When I joined the police it was purely to ride a bike every day. I spent all my working time riding the streets and suburbs of the city and loved it. I met with different people who liked old motorcycles but at that time it was all about having a clean bike, clean riding kit, polished boots. During this time I appreciated a good machine and had respect, as you would expect of a policeman. But the mechanic job changed me again and my attitude is different now. When I decided to open this shop I decided it had to respect all the men who like this kind of thing.

How important was it to put your own personal stamp on the shop?

Everything in the shop was fitted out by me and a friend. And everything has a story. For example all the scaffold pipe which I use to hang clothing from was sourced, cut and fitted by me and my friend. I was out walking the dog and found a pile of scaffold pipe on the road. It was there for weeks and I realised it had been dumped, so one by one, I carried the pipes home. The dog went for many walks! The shop is fitted out in the memory of the old men I met as a mechanic, in particular a man with special spirit called Lovis. He was my mentor. I met three or four people like him and they still come to my shop and we are good friends. The anvil is a souvenir given to me by Lovis. 

How about the carb in the bottle?

It was from a smashed illegal bike brought in to the police yard – the frame and the engine numbers did not match and the engine was blown up but one of the mechanics gave me this carb – a Mikuni HRC 42mm. The display cabinet, by the way, is from an apothecary – a medicine cabinet. Two years ago someone came in the shop and said, ‘this is not a shop, it’s somewhere to live.’ I agree. It is my passion.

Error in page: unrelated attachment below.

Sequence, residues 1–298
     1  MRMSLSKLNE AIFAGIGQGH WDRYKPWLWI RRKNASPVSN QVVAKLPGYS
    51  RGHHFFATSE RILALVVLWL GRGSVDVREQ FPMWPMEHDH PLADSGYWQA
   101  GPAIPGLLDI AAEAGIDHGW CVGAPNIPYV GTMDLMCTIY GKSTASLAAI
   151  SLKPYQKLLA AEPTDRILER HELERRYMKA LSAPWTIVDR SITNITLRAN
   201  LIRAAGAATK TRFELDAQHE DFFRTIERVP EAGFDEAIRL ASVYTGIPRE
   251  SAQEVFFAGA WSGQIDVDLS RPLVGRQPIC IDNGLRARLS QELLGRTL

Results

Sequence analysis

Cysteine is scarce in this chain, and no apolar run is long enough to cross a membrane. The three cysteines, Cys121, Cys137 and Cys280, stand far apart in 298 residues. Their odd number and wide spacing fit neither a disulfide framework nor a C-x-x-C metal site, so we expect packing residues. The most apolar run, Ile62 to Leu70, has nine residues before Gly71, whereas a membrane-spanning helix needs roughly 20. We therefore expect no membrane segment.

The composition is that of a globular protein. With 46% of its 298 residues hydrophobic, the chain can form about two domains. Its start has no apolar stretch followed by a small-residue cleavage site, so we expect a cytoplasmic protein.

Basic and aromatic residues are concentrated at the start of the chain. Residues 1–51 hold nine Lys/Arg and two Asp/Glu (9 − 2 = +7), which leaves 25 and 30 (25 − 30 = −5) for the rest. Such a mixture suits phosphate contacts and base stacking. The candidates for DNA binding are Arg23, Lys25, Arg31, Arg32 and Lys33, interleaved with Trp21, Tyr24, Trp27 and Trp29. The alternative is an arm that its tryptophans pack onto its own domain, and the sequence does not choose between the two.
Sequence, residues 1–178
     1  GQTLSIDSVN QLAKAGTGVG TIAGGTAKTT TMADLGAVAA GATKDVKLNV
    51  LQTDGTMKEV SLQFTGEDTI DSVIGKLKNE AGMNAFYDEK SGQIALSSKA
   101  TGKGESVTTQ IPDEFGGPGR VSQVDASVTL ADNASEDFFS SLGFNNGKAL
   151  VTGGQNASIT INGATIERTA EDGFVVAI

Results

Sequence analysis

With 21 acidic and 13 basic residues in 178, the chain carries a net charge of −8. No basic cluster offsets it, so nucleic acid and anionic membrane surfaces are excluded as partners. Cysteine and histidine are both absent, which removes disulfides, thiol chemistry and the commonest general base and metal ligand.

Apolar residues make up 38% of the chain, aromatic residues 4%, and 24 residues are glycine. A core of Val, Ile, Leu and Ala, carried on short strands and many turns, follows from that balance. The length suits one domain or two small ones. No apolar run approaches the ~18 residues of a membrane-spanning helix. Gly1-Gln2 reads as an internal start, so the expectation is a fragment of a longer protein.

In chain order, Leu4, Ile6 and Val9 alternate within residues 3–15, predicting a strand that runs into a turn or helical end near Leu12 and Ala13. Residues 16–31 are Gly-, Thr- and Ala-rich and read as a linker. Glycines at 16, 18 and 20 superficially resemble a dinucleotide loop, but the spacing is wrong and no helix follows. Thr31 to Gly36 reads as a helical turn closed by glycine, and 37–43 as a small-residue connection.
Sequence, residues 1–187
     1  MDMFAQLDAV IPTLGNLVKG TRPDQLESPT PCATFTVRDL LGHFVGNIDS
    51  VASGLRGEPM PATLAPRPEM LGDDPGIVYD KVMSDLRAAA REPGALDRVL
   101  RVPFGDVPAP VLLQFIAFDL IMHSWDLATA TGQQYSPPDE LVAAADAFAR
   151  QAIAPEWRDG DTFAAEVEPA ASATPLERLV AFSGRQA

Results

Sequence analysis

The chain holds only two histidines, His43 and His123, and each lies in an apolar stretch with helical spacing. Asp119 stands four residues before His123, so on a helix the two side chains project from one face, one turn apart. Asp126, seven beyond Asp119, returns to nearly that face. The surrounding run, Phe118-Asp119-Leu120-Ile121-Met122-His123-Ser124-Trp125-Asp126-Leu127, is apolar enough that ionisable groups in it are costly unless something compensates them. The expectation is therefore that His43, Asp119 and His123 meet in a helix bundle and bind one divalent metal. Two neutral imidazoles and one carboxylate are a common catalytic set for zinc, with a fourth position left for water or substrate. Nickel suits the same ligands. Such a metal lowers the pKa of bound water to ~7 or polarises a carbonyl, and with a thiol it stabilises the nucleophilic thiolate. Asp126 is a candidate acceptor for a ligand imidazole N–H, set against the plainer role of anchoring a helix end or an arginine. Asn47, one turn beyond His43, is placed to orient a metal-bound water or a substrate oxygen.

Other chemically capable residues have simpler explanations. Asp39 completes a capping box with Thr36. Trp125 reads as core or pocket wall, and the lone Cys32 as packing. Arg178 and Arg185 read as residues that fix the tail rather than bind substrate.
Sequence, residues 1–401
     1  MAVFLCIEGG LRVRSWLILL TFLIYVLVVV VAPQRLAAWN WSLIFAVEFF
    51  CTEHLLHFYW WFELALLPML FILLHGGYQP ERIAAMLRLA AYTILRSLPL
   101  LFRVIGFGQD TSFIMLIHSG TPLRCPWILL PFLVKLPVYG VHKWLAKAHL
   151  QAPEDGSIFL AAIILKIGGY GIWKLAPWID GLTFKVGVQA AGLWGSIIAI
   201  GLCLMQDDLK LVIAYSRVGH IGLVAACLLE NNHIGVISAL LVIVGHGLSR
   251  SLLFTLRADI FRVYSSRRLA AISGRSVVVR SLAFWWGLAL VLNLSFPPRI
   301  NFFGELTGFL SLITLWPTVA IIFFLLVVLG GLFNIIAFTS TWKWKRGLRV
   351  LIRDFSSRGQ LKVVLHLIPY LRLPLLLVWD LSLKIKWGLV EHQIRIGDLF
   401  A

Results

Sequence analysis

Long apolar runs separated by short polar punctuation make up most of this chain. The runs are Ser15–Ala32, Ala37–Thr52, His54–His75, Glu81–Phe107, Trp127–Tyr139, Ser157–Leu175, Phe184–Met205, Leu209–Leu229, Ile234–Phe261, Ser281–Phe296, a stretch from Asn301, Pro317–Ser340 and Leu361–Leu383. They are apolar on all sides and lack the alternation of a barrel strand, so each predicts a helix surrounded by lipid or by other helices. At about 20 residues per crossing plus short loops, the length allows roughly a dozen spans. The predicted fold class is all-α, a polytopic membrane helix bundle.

How would you describe a typical T-Bird customer?

My principal customer is between 40 to 50 years old. The spirit of motorcycling has changed – it’s all about fashion now and although everyone is welcome here, I prefer those with real passion for motorcycles, those who have many stories of the riding lifestyle. Many customers are old school, with old bikes and respect the clothes. I prefer the authentic older people who understand the history. We also have young people who appreciate the quality but I understand they cannot maybe afford the expensive leather jackets but there is still something here for them to buy and enjoy, even if it only a T-shirt or cap.

How did you arrive at the T-Bird name?

It’s three passions under the one name: bike, car, planes. I looked at a photo of Marlon Brando when he played Johnny in the Wild One and rode a Triumph Thunderbird. I thought, ‘ah this is good.’ The name is used by Ford for one of their cars and there is the aircraft [the Thunderbirds are the US version of the Red Arrows).

What’s with the jukebox?

It’s mine. I brought it just for me because I like music – I was born in 1968 but I like 1930s, 40s, 50s and 60s music. I was in my 20s during the 1980s so I like metal too – Kiss especially. People say, ‘oh you like Kiss?’ and we’re getting more visitors who also like them. Open your mind and you find a lot of people will find something they like. I think this is good for the future.